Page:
Ron Slate's blog

on Selected Poems of Friederich Hölderlin, translated by Maxine Chernoff and Paul Hoover (Omnidawn)

Friederich Hölderlin wrote almost all of his complete work between 1796 and 1803 including odes, elegies, hymns, the epistolary novel Hyperion, the verse tragedy Empedokles, and translations of Pindar. Over the following four years as his mental stability collapsed, he wrote several poetic fragments. One begins:

Once I asked the muse, and she
Replied:

on Hotter Than That: The Trumpet, Jazz, and American Culture, by Krin Gabbard (Faber and Faber)

“Sometimes I feel the need for metallic sounds; in jazz you can hear knives singing. Knives rip up the psyche’s fabric to shreds and strengthen it in the process,” wrote the Polish poet Adam Zagajewski in Another Beauty. The trumpet has shredded without peers since the first ancient call to arms.

on A Murmuration of Starlings, poems by Jake Adam York (Southern Illinois University Press)

I remember the bulletin: An Eastern Airlines commuter prop-jet had crashed into Boston Harbor after take-off from Logan Airport, less than 10 miles from our house. I was 10-years old. A little research shows that the date was October 4, 1960; the accident occurred around 5:45 pm, and I would have been watching the six o’clock news with my grandfather before dinner.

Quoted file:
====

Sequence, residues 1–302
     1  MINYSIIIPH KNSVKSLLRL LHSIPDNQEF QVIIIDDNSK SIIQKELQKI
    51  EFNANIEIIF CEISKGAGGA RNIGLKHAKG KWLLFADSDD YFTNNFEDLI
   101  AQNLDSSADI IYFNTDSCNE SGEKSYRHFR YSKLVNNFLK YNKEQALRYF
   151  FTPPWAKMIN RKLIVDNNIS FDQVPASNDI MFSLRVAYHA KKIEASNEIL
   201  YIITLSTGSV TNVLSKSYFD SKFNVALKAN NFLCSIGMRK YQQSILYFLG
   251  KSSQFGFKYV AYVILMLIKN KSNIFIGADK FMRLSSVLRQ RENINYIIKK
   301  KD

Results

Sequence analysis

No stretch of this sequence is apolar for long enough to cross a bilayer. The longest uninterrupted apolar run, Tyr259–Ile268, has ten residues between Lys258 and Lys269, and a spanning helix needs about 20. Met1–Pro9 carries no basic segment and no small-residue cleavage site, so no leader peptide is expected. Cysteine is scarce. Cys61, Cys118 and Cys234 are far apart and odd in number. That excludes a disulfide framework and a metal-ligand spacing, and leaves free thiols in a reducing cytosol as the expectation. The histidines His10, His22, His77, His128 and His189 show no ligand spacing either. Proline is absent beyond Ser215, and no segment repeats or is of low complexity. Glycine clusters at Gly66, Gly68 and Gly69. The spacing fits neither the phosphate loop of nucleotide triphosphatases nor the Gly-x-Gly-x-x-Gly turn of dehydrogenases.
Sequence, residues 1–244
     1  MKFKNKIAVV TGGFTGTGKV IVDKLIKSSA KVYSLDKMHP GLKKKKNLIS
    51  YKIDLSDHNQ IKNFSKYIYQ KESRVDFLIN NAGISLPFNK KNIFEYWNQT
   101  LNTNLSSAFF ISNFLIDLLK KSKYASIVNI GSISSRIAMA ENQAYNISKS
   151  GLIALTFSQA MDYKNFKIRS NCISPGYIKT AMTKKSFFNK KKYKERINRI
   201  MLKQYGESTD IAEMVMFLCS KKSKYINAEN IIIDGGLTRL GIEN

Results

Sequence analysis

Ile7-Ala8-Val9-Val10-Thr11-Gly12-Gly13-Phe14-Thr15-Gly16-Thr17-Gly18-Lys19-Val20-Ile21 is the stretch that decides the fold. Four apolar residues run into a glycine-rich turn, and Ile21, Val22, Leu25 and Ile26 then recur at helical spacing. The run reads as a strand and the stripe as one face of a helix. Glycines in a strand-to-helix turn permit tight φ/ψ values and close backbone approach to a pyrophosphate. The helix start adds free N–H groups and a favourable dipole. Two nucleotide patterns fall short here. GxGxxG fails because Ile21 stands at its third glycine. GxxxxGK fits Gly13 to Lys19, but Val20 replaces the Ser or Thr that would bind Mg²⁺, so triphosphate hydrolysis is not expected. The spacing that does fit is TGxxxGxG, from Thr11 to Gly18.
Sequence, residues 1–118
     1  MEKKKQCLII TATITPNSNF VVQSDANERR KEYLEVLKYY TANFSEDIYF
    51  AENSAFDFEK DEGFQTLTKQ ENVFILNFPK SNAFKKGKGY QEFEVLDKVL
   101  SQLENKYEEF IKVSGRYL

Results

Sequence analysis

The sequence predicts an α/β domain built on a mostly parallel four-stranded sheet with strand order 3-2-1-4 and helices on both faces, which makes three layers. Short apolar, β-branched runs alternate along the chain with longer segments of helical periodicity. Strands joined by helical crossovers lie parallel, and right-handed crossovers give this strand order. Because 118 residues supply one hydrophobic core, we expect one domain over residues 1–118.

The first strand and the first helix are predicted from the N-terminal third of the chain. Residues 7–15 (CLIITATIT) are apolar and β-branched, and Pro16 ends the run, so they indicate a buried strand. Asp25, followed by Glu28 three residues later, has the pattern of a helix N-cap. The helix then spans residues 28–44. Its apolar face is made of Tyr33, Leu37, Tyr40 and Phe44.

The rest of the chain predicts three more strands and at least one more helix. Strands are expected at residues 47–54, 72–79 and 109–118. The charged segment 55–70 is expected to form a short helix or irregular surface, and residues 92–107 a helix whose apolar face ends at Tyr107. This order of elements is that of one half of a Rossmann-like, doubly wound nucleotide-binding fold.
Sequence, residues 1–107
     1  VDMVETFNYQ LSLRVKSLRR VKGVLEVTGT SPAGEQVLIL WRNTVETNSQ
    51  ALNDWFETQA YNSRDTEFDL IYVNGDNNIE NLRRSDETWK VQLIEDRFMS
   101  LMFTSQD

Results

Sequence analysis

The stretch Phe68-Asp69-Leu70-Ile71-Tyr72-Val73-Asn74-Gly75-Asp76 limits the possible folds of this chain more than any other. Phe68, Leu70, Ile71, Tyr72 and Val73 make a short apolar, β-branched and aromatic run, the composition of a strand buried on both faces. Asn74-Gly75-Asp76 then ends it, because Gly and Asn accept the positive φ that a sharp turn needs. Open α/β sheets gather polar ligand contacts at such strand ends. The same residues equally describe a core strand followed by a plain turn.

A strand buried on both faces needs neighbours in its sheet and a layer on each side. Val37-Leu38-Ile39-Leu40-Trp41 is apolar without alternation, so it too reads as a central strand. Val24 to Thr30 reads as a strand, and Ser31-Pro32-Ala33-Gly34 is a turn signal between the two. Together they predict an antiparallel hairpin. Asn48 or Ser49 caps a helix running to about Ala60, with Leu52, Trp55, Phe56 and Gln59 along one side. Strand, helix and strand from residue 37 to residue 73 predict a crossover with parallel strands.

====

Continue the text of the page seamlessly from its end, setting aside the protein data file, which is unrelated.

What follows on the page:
on Classical Chinese Poetry, an anthology translated and edited by David Hinton (Farrar Straus Giroux)

David Hinton is the most productive translator of Chinese literature and poetry in English of the past ten years. He is also one of the most accomplished of all time. When the New Directions Anthology of Classical Chinese Poetry appeared in 2003, editor Eliot Weinberger focused on five major translators: Ezra Pound, William Carlos Williams, Kenneth Rexroth, Gary Snyder and Hinton.

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